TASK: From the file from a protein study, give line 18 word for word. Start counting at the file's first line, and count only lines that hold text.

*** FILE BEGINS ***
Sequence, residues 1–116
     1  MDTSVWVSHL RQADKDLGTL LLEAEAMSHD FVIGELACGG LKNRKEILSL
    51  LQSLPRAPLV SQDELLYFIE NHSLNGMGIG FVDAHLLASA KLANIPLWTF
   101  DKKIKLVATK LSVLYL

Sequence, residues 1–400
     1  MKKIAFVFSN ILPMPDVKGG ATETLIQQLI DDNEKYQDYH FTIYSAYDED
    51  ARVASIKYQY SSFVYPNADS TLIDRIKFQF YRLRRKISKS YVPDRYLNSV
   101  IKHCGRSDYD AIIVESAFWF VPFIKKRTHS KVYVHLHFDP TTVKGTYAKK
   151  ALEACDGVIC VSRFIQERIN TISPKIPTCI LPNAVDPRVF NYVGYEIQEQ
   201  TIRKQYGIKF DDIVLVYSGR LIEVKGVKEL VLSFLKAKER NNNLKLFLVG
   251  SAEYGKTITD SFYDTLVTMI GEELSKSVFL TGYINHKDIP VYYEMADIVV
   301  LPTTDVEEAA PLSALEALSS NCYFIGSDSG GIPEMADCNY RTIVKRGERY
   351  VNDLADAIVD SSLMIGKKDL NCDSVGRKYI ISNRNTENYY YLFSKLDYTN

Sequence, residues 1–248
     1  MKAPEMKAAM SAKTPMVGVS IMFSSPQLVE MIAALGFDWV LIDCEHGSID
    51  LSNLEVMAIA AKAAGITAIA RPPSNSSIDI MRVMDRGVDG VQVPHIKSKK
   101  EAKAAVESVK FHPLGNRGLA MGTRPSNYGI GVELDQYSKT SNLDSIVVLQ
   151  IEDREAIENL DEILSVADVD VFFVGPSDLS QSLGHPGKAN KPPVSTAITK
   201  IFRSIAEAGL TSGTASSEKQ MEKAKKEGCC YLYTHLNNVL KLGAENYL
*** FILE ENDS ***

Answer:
   151  IEDREAIENL DEILSVADVD VFFVGPSDLS QSLGHPGKAN KPPVSTAITK